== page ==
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Organizers of a demonstration in protest of the police shooting of Jamar Clark by Minneapolis police have been hit with a lawsuit by the Mall of America, which is seeking a court order requiring them to tweet and text a message announcing the cancellation of their protest.
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Every two years, Minnesota artists build a temporary village on a frozen lake near Minneapolis, crafting colorful, creative parodies of traditional ice fishing shanties that are open to the public for four weekends. The event is juried. Dozens of groups submit proposals for shanties, but only 20 are chosen. Each shanty has a theme, and each theme comes with some kind of interactive programming — whether scheduled events or stuff to do in the shanty as you wander through. In 2012, 20,000 people visited the shanties at Medicine Lake. (That year, I followed some Minneapolis makers as they built and launched their monster-themed shanty.)
The 2014 Art Shanty Project opened last weekend on White Bear Lake, north of St. Paul, and my husband I took our daughter and went to see what we could see. Read the rest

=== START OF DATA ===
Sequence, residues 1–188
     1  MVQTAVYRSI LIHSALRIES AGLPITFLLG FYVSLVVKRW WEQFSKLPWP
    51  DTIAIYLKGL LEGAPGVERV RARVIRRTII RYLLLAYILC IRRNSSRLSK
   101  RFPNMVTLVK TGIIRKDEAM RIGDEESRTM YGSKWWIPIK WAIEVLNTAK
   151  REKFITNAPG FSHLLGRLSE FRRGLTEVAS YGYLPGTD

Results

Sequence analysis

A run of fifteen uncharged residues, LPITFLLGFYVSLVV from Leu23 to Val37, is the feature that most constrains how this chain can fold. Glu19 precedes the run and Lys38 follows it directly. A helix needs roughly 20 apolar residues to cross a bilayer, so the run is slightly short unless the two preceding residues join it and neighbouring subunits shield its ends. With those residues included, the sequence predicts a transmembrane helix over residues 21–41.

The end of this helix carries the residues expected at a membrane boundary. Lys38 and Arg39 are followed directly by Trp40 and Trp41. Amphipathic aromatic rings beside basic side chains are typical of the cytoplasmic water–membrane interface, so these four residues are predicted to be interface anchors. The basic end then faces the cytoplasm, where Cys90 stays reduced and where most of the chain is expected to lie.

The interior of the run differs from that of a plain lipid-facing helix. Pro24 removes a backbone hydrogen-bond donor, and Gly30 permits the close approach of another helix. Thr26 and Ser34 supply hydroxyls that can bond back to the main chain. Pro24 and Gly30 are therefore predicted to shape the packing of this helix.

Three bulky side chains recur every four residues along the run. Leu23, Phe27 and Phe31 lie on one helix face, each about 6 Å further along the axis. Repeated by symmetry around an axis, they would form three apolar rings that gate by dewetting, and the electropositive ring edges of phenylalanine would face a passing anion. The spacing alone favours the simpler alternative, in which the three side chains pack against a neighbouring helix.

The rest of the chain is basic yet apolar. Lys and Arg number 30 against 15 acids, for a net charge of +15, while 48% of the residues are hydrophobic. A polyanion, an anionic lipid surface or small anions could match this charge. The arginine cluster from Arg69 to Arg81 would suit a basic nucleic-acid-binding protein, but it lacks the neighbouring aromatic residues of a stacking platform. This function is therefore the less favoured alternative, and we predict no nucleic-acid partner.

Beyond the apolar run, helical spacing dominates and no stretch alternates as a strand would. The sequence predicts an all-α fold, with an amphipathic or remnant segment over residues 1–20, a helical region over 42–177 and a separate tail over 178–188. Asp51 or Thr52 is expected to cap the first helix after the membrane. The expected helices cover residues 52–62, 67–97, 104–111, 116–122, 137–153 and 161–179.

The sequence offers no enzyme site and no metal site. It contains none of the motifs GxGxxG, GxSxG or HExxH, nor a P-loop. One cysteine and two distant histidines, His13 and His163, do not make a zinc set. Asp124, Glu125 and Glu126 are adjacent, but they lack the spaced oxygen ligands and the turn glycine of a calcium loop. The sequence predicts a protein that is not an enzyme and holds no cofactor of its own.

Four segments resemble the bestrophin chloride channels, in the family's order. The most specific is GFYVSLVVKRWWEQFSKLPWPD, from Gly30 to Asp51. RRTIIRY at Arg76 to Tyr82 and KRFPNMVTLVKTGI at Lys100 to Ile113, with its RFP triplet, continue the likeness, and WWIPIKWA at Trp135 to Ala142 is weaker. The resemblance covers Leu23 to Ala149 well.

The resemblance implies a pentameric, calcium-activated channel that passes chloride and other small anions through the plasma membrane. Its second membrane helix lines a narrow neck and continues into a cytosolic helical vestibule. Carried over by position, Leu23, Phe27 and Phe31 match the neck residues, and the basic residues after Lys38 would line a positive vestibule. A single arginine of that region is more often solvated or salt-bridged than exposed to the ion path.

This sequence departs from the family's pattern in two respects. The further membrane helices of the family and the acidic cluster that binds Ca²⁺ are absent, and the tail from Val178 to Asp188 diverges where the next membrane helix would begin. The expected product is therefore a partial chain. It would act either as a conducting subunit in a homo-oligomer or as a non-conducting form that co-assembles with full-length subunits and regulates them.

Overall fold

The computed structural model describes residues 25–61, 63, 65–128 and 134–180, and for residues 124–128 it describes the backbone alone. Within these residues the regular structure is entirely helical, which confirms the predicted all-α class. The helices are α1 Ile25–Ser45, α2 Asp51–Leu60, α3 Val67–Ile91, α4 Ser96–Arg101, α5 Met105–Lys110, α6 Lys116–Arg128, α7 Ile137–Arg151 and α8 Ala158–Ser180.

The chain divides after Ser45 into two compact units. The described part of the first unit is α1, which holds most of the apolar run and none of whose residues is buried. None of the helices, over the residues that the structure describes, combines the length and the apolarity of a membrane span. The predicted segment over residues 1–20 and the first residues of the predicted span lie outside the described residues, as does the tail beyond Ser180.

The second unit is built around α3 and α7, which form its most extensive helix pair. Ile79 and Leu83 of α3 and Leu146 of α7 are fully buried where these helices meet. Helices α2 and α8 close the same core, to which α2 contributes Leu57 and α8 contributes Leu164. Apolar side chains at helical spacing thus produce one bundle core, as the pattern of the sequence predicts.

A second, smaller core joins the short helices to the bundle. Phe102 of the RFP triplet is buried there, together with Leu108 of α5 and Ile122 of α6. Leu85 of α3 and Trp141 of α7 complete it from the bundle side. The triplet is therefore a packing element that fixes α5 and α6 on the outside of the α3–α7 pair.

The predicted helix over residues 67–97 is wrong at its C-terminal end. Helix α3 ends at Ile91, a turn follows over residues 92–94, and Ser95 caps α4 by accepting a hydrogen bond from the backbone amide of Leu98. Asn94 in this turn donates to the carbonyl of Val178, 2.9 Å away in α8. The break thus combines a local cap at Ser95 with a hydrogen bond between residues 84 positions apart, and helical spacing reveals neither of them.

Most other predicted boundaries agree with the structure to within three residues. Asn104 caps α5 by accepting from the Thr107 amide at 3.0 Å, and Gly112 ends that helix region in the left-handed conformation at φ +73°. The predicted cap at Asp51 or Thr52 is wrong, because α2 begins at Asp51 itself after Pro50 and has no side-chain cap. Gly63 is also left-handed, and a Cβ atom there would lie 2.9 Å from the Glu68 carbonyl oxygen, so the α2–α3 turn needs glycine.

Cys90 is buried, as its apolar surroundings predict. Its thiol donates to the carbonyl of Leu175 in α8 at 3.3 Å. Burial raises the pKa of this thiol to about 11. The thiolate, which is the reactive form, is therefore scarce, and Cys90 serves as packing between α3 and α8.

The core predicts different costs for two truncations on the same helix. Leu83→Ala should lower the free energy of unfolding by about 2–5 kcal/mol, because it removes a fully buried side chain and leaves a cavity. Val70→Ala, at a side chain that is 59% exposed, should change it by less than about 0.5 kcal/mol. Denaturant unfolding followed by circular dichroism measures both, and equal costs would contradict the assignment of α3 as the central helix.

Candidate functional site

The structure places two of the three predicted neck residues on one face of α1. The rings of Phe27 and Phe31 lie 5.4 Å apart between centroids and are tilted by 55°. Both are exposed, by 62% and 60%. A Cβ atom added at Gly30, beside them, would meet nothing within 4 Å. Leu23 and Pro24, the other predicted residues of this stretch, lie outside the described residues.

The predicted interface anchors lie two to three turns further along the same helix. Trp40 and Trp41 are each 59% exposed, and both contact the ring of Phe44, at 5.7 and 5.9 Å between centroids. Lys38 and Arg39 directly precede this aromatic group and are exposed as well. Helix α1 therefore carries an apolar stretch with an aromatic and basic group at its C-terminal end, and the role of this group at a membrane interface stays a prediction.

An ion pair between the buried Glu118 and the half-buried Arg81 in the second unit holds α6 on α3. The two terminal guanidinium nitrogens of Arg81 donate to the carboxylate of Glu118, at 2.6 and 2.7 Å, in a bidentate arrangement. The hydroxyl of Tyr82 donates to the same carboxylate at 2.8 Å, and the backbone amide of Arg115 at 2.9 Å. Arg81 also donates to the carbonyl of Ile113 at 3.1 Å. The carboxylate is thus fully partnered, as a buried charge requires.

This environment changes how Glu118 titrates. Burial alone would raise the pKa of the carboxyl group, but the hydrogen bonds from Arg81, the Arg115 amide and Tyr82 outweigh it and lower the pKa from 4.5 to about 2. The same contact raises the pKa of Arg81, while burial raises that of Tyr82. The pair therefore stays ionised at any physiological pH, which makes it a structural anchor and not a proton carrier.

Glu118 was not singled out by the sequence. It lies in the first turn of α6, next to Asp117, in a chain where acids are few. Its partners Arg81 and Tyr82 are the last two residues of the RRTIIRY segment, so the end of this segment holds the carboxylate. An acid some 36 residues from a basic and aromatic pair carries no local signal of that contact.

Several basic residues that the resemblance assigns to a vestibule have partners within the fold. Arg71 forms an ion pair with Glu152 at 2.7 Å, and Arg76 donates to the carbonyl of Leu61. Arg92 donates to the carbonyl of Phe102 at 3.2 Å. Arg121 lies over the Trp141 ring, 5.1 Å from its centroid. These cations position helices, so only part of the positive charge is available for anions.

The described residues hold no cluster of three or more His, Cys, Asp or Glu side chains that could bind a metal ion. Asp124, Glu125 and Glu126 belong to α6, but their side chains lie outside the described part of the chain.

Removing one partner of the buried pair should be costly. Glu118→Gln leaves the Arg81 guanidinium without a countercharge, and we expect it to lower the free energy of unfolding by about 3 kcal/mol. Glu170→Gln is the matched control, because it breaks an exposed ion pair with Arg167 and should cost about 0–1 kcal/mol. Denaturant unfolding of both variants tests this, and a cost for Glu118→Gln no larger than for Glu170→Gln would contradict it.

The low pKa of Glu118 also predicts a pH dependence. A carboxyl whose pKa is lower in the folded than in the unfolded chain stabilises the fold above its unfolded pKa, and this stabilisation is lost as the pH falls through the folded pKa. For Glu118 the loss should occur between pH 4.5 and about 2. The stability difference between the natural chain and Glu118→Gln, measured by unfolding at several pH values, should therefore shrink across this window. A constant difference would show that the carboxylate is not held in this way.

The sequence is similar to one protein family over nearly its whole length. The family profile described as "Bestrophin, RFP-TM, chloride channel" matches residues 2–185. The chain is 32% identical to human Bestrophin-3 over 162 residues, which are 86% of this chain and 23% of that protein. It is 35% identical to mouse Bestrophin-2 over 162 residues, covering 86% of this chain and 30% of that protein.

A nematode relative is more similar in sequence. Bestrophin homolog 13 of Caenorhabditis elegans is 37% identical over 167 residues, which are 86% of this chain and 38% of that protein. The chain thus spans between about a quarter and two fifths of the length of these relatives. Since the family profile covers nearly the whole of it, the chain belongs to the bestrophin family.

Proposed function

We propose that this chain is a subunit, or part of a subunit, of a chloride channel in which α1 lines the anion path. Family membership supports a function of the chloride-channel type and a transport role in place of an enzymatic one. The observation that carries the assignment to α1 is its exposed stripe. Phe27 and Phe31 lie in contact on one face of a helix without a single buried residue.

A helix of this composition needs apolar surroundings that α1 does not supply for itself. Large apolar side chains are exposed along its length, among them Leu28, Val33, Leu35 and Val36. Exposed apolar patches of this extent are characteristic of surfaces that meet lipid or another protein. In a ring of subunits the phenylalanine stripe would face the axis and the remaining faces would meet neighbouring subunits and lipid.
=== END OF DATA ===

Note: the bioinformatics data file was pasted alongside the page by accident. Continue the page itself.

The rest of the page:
Tomorrow night you can catch physicists from around the country, competing to see who can explain their research in the best, funniest, most awe-inspiring way possible. The action starts at 8:00 pm
in the University of Minnesota's Ridder Arena. Doors open at 7:00, and it's all free. Read the rest
I'm going to be hosting a Q&A on Wednesday with Curtis White, essayist, novelist, and professional curmudgeon. He's got a new book out called "The Science Delusion", which ties together critiques of Richard Dawkins and The New Atheism with critiques of pop-neuroscience like Jonah Lehrer's work. If you're going to be in Minneapolis, you should join us — it should be an interesting conversation. The event starts at 7:00 pm at Magers and Quinn Booksellers
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Tomorrow night, I'll be joining University of Minnesota physics professor Jim Kakalios for Beaker & Brush — a series of discussions between scientists and artists/writers sponsored by The Science Museum of Minnesota. Kakalios is the author of The Physics of Superheroes
and The Amazing Story of Quantum Mechanics
. Together, we'll be talking about the way both physics and society have shaped American energy use and electric infrastructure. Energy is a socio-technical system. To understand where it came from and where it's going, you have to look at both science and culture. The event starts at 6:30 pm at Amsterdam Bar and Hall in downtown St. Paul. Read the rest